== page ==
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Doody's Review ServiceReviewer: Rex Chisolm, PhD (Northwestern University Feinberg School of Medicine)
Description: This book reviews the current knowledge of the molecular mechanisms responsible for signal transduction in a variety of eukaryotic and prokaryotic microorganisms as well as Drosophila, C. elegans and Paramecium. It consists of 16 current reviews by the leading researchers in the field.
Purpose: By providing reviews of a variety of signal transduction systems in model organisms amenable to genetic and molecular genetic manipulation, the authors hope to stimulate students and investigators interested in signal transduction process in higher systems. Because the model organisms represented in the reviews in this book have produced many important new results and insights into how cells sense their environment, this book has a good chance of contributing to this goal.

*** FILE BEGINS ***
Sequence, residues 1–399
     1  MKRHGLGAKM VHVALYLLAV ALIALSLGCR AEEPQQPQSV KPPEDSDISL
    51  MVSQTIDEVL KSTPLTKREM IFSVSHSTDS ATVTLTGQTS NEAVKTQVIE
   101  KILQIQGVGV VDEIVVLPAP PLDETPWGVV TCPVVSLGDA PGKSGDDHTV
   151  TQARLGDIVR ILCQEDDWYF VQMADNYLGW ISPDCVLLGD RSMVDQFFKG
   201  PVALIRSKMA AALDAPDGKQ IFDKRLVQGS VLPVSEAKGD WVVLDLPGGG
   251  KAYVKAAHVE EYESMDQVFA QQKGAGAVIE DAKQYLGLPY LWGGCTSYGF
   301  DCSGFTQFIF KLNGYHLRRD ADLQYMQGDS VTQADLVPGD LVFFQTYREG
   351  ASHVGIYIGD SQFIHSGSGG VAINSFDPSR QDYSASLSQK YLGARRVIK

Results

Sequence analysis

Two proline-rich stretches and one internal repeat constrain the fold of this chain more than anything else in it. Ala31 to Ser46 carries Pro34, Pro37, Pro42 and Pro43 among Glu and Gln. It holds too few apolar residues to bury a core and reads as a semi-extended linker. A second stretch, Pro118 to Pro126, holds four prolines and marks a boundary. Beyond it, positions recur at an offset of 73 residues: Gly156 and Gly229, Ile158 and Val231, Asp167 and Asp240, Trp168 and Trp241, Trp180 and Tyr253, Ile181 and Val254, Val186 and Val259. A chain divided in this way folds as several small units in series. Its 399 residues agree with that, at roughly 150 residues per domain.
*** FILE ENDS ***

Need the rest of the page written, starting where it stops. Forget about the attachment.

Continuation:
Audience: This book is intended for investigators interested in microbial systems as well as for students and investigators interested in the broad question of signal or sensory transduction. The book largely succeeds in this regard. The reviews are generally by leaders in the field, but they are easily accessible to students and postdoctoral fellows.
Features: This is an attractive and readable volume. The book makes good use of figures and diagrams to aid in understanding concepts presented in the text. Because the reviews are reasonably current, the cited literature is current though about mid-1992. In general, the appropriate papers are cited and this book should serve as a useful jumping off point for people interested in delving into the primary literature. The table of contents and index are also useful tools for finding topics of interest.
Assessment: This book should be quite useful. It would serve as an excellent basis for a graduate course in signal transduction in model organisms or as part of a course on signal transduction. It would be a valuable addition to any medical or science library, not to mention the personal libraries of graduate students and investigators interested in signal transduction.